The following post is part of the course work for “Live Exchange” the foundational course on communication for The MBA Design Strategy Program at California College of the Arts. The rest of the posts are presented here.
By: Annu Yadav
In October 2008, 8 weavers committed suicide in Sircilla, a small town in the state of Andhra Pradesh (India). This was preceded by another incident in 2006, when a destitute weaver of Sircilla sold his four-month-old son for Rs 500 (approx. $10) to keep the hearth burning. Talented craftsmen breathe in unremitting poverty even when hand-woven Indian textiles appear on the ramps in Paris. The vast, dispersed and highly unorganized Indian Craft sector further limits the share of the craft producer in the contemporary new markets to a bare minimum.
These uneducated craftsmen have no means of understanding, accessing and adapting their products to the new emerging markets. And thus, are at the mercy of the many middlemen and dealers through whose hands the product must pass before reaching the final consumer. Persistent policy measures by the Indian Government and efforts by NGOs have failed to reflect a substantial change in the bizarre conditions of the craftsmen and artisans. But a few organizations have shown some promise. These crafts sector models are both empathetic and sustainable. These organizations with innovative business practices, have attempted to bring in system design strategies, reinstating the craftsman at par with their product’s market valuation.
According to Thomas J. Watson Jr, second president of IBM, “Good design is Good business” which helps a good product succeed faster as well as a bad product fail faster. Today’s consumers favor well-designed brands, products and experiences, which are imaginative, meaningful and valuable – from Apple’s iPhone, to Starbuck’s in-store experience, to Disney’s entertainment venues.
Reinterpreting the term ‘Craft’
Design Thinking can be the much-needed impetus to monetize and scale the sustainability-led craft industry and generate equitable business opportunities. Various tools of design strategy like design research, system’s thinking, user-centered product design, segmentation and factor analysis, needs-finding, and holistic innovation strategy, can help increase the value of crafts in the minds of the modern glocal (global+ local) consumers. The reinterpretation of the term ‘craft’ along with re-strategizing the entire system in an effective but inexpensive way has yielded some favorable results.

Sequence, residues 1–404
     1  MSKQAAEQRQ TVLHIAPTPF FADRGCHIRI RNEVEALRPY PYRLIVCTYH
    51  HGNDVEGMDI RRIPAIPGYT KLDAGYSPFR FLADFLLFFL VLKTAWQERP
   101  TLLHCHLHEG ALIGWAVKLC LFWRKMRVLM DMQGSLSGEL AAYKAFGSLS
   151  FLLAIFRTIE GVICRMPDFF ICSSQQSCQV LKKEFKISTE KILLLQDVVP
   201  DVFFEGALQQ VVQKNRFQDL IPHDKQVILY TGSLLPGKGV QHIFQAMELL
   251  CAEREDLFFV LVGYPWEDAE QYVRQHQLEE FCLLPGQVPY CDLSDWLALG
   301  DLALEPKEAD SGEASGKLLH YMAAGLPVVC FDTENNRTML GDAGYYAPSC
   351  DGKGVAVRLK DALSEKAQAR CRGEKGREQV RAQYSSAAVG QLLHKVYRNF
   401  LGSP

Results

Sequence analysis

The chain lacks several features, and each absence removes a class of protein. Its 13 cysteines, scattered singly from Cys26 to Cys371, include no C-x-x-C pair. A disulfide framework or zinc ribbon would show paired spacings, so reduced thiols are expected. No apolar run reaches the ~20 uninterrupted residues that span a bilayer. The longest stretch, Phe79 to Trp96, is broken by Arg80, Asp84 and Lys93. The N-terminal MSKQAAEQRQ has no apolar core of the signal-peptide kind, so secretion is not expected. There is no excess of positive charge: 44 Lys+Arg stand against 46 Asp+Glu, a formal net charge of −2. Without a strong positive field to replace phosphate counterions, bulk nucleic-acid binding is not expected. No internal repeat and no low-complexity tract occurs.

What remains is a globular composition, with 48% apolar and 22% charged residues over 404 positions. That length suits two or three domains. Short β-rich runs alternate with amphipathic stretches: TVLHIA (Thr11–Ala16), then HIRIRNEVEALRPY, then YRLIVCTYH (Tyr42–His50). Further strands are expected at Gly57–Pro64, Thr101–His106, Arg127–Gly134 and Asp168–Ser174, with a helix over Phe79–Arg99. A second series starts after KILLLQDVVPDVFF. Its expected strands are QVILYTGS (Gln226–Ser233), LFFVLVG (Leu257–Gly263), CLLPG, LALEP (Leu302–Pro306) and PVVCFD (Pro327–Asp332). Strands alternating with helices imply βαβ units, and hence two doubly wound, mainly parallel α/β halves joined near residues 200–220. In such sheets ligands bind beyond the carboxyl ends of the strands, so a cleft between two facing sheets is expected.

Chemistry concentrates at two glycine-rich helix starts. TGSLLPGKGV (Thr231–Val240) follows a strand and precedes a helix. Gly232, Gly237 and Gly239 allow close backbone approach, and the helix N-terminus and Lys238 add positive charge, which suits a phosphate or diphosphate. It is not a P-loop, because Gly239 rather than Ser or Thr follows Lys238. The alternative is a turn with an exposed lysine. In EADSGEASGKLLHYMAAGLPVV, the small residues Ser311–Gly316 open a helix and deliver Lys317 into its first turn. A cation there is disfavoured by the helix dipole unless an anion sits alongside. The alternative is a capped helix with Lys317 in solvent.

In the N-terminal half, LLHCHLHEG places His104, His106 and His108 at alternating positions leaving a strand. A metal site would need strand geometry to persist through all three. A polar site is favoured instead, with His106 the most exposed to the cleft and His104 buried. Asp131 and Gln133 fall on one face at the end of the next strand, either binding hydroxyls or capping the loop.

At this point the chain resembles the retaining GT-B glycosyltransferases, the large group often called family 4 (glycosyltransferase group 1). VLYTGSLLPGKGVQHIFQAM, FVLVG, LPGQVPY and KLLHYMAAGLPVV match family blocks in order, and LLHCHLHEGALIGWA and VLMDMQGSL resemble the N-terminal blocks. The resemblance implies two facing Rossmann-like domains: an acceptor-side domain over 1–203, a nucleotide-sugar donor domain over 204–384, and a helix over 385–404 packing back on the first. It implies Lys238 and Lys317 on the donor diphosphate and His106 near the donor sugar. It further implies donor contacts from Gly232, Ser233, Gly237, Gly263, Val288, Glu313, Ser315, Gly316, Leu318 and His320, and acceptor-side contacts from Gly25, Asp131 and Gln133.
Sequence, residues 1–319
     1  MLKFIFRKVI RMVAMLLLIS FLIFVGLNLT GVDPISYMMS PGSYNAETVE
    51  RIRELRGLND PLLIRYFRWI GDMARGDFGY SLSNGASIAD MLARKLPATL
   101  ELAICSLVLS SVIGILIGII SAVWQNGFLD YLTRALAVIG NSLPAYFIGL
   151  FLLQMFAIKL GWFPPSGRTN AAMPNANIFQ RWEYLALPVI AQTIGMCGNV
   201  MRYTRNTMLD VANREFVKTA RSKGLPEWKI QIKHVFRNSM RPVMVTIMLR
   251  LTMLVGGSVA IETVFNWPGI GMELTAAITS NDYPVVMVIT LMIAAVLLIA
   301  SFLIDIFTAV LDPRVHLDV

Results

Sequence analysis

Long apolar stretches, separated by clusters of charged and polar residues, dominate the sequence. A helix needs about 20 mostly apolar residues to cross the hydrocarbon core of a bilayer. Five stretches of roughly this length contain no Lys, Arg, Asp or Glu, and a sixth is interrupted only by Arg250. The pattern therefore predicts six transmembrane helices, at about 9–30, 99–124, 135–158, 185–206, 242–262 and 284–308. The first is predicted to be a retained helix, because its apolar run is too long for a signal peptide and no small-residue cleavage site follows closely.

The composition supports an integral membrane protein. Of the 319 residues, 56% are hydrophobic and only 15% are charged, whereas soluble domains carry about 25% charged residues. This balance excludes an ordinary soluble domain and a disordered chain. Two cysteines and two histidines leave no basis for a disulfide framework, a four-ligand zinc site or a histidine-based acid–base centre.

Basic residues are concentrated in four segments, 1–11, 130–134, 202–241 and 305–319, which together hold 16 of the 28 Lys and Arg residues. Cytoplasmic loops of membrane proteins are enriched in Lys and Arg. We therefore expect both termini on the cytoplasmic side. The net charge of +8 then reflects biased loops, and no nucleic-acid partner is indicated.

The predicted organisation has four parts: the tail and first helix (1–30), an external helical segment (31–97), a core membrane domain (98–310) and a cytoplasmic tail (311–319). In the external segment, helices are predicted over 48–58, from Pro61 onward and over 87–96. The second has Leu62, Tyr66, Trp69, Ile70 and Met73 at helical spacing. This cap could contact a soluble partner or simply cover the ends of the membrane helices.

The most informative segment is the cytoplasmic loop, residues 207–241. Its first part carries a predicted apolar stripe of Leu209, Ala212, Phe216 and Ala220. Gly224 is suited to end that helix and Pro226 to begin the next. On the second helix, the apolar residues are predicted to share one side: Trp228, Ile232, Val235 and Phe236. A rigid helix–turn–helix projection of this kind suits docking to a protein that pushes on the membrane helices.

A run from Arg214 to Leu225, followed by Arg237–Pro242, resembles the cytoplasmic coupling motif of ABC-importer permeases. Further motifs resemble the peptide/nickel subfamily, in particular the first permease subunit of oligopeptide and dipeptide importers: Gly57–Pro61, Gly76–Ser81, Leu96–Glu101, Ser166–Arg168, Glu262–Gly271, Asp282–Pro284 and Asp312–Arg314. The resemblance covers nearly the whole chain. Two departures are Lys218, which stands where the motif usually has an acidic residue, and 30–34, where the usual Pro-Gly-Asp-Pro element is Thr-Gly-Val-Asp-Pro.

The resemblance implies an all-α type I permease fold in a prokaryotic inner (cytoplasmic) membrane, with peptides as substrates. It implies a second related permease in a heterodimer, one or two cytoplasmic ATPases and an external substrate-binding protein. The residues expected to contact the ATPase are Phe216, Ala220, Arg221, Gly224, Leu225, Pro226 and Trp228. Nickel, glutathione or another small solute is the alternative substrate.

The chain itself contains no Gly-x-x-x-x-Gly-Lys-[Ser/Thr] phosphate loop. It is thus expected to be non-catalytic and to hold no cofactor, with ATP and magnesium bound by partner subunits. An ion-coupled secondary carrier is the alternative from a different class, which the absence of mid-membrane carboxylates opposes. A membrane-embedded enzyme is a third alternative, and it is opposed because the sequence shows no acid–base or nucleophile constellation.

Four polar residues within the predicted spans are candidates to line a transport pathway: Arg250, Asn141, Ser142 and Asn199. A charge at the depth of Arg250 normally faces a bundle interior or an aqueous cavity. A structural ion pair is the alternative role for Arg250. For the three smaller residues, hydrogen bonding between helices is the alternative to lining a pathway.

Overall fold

Fabinida one of the most profitable retailers in India, is one such highly successful model that has seen the “middle man” in the handicrafts industry transmuted into an organization encouraging fellow craftsmen to become “design entrepreneurs”. Its a company which has artisans as its shareholders and it marked revenues of $325 million in 2008-09. Over the years, FabIndia has grown to employ around 40,000+ craftsmen across India producing handmade garments, furnishings, fabrics and ethnic products. On analysis, a sustainable, community-owned, consumer-centered design approach has been the key determinant.Continuous design research into the chic urban tastes of India fuels the quality expectations and product requirements for a particular season. Surface techniques like Appliqué have been nurtured and FabIndia is now popularly synonymous to quality ethnic wear in India. It spends extensive time informing the craftsmen of market trends, educating them through design inputs and providing easy access to funds and management skills.
FabIndia recently set up 17 centers throughout India and then incorporated them as Supplier Region Companies (SRCs), where the artisans collectively owned 26%. This mutually beneficial ownership structure ensures FabIndia all the supplies it needs, while the craftsmen and artisan are ensured of a steady income and growth, thus respecting and encouraging them to be entrepreneurs.
Aporv.com is another organization, which has uniquely harnessed the power of the internet platform to help grow the crafts ecosystem. Though the internet provides the largest platform for discovery and commerce, it fundamentally challenges the applicability of selling crafts online. Aporv.com offers their appreciators the story on how the product is made, where it is made and its history. This adds intrinsic value to the product and provides customers the tools to make an educated buy.
The most interesting part about Aporv is that the company doesn’t decide on the product price and leaves that for artisans themselves to judge. This is aimed towards making these individual artisans ‘entrepreneurs’. To counter the touch-and-feel factor that retail stores have, Aporv.com has a no-questions-asked return policy. By being a constant information-feedback-addition platform, Aporv.com is able to meet market demands and scale supply by directing more craftsmen towards what’s in demand.
There are lots of untapped opportunities in areas such as fashion, home furnishings and tourism by adapting traditional skills to new product opportunities in emerging markets. The involvement of contemporary Indian designers with crafts has, in general, been responsible for creating a new awareness and desirability, which has been beneficial for the artisans.
The above examples aid crafts producers in repositioning their skills and uplifting their quality of life. And perhaps, they can prove to be effective in protecting their traditions, their knowledge, and their self-worth.
Annu Yadav is living in San Francisco , studying MBA in Design Strategy at CCA. She is a designer and artist and has worked with craftsmen in India for various projects.